13. The NHS is under funded, under staffed and badly organised (see point 7). This wasn't news but the first time I had really had first hand experience of it. 
  14. Occupational Health were great, and kitted out my house with all the bits and pieces I would need prior to my return home.
  15. Shopmobility will provide you with a wheel chair to take home, if you give them a deposit and pay £2.00 a night for the first fortnight and £1.00 a night after that. I had no idea about this.
  16. The scaley crocodile footness is hideous. And when they take the plaster off you will find that your whole leg looks like this. *Vom*
  17. And when they take the plaster off the smell is quite...hmmm...tangible. Ick.
  18. I had funny turns (if I was Victorian, you might call it a fit of the vapours) both times they took my cast off, apparently this is quite common. Who knew.
  19. I had to inject myself in the stomach daily to stop blood clots, this causes severe bruising that is both painful and unsightly.
  20. Pulling yourself upstairs on your bottom does wonders for the old bingo wings. I have guns of steel at the moment.
  21. My leg that had the break is now half the size of the other one and has lost all muscle tone.
  22. It can take 3 months or more to recover from a bad break completely.
  23. Losing your independence is depressing at worst and boring at best.
  24. I miss driving my car and having the freedom to go anywhere, whenever I want.
  25. I miss walking, I miss my garden.
  26. Everything takes longer.
  27. I can not imagine what it must be like for someone who is never getting out of the wheelchair or off the crutches. I have had a small insight into what it is like to have a real physical disability and I am filled with admiration and respect for anyone who copes with this day in day out.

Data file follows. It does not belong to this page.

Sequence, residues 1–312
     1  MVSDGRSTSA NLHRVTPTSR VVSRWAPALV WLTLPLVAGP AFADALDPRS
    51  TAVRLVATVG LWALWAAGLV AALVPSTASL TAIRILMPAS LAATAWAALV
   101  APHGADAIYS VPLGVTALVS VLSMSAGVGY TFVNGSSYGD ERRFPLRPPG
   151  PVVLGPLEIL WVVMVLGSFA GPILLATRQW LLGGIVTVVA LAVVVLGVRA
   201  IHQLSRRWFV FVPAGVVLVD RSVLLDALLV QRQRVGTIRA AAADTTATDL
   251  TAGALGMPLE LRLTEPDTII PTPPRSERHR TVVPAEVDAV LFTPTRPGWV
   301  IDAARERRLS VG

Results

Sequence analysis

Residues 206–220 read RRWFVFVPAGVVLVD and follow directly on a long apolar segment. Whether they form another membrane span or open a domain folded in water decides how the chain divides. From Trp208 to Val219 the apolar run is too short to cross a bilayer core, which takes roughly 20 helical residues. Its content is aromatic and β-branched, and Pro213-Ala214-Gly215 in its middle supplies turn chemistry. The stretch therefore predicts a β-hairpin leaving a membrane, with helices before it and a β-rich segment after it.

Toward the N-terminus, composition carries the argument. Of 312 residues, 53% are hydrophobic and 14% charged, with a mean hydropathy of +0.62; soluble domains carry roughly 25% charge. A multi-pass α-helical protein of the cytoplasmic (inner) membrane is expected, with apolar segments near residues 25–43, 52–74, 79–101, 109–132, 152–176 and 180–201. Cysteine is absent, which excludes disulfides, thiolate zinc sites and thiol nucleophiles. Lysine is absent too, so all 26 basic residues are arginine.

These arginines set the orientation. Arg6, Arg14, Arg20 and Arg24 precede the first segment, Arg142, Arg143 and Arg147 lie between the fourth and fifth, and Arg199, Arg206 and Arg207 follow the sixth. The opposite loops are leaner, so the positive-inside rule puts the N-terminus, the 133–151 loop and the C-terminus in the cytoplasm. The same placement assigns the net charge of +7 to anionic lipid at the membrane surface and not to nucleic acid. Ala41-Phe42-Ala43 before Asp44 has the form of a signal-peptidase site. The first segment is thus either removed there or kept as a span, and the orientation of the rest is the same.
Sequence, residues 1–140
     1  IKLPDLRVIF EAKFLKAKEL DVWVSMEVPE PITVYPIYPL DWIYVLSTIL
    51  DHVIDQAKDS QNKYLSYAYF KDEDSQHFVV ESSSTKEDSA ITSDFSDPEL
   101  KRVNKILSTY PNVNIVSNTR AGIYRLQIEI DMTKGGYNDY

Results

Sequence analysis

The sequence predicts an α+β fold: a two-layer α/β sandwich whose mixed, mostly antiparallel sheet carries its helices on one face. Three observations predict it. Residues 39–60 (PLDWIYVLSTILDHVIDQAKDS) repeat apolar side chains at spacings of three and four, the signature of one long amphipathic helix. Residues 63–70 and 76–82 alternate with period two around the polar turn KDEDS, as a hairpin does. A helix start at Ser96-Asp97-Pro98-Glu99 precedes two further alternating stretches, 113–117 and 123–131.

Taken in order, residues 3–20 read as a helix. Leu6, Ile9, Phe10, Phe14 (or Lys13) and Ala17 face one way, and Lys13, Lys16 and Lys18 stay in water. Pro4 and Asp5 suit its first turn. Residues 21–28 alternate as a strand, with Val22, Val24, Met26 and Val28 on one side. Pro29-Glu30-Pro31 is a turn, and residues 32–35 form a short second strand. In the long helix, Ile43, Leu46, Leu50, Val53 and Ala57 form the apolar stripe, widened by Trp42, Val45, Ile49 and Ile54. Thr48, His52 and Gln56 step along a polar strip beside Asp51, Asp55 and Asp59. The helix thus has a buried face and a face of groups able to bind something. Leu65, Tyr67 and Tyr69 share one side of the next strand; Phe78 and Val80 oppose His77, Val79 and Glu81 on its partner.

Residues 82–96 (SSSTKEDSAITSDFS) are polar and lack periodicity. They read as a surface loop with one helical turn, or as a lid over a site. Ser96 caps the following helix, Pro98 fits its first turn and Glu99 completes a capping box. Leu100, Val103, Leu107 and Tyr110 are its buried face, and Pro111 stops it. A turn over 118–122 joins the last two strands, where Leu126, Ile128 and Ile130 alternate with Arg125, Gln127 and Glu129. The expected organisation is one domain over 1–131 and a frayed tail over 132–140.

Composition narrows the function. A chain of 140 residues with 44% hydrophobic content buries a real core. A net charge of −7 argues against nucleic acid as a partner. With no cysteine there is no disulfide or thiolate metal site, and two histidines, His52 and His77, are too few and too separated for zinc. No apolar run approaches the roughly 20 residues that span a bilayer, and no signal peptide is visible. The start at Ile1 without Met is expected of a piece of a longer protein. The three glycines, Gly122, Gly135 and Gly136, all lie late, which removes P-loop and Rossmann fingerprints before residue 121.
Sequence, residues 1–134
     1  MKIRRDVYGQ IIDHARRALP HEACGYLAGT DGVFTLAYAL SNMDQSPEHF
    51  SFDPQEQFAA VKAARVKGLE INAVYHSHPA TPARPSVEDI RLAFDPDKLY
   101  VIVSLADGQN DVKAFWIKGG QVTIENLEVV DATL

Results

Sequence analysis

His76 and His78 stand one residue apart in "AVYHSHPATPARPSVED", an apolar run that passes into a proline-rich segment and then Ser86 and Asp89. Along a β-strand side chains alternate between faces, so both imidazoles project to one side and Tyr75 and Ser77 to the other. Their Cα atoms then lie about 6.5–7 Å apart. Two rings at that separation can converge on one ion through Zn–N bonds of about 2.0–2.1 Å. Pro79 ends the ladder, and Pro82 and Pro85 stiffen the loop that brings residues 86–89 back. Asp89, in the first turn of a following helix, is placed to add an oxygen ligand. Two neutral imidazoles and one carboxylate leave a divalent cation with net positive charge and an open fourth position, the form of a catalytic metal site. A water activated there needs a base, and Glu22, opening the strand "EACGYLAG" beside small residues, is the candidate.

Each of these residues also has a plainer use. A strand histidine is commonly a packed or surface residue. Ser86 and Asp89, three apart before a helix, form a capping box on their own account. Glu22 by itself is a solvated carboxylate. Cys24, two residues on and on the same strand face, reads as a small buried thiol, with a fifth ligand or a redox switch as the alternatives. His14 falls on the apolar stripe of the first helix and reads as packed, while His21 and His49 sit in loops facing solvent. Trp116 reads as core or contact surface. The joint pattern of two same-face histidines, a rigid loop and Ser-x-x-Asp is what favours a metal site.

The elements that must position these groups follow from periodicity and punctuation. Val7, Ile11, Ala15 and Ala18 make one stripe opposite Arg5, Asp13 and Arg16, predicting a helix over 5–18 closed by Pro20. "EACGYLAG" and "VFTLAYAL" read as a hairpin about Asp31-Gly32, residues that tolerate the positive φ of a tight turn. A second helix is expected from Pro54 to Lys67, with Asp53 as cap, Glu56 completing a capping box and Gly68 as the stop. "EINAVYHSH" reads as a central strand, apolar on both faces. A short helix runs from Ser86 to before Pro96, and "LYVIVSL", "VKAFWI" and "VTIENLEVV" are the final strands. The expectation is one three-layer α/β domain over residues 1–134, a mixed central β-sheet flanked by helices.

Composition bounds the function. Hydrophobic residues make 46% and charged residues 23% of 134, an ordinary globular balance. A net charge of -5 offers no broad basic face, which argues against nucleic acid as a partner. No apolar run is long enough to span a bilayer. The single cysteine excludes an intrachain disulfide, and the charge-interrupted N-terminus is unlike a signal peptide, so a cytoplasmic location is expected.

28. I have discovered that some disabled toilets are a joke and clearly not adequet and that most pavements and ramps are jarring and bumpy.
  29. My balance is awful.
  30. I now have a fear of falling.
I would just like to say a big thank you to all my friends who have visited me and brought me lunch and generally cheered me up, and God bless the internet for saving me from day time telly.

Wednesday, 4 March 2015

Black and White - The Gallery

On the gallery this week the theme is: Black and White.

I love black and white photography. I think I inherited my love of it.

Here is my Grandad.

He fought in the First World War. When he returned he married, he had six children, worked for the Post Office and took photo's in his spare time. Mostly his photo's were of his wife and family.
My Grandma long before I knew her
My Dad grew up seeing Grandad taking photo's so he took it up as well.
Dad (taken by Mum) and Grandad.

And I saw Dad and Mum take photo's, they mostly took photo's of their family.

Mum, me & my brother

I had my first camera when I was about 8, it had a film that was a round disc shape. As I got older I took more of an interest, and I was given an old 2nd hand Olympus OM20 SLR.

I took and developed my own photo's.

Here is one of my first efforts, this is my old friend Eleanor.

Hope you liked the patched sheet backdrop.

My old Drama teacher Mr Calvert, we were rehearsing Mother Courage
Here is a promo picture I took on timer for a comedy double act I was involved with back in the depths of time.

Don't ask - it was 1990.
Even when my now 12 year old was small I still used a film camera, this is one of my favourite black and white photo's I took of her when she wasn't even one.

I was very reluctant about digital camera's and relatively late to it, but I still like a black and white photo, and like my Grandad and my Dad, I like to take photo's of my family.

My Irish Family, New Years Eve 2014.

So for more black and white photo's head over to the Gallery.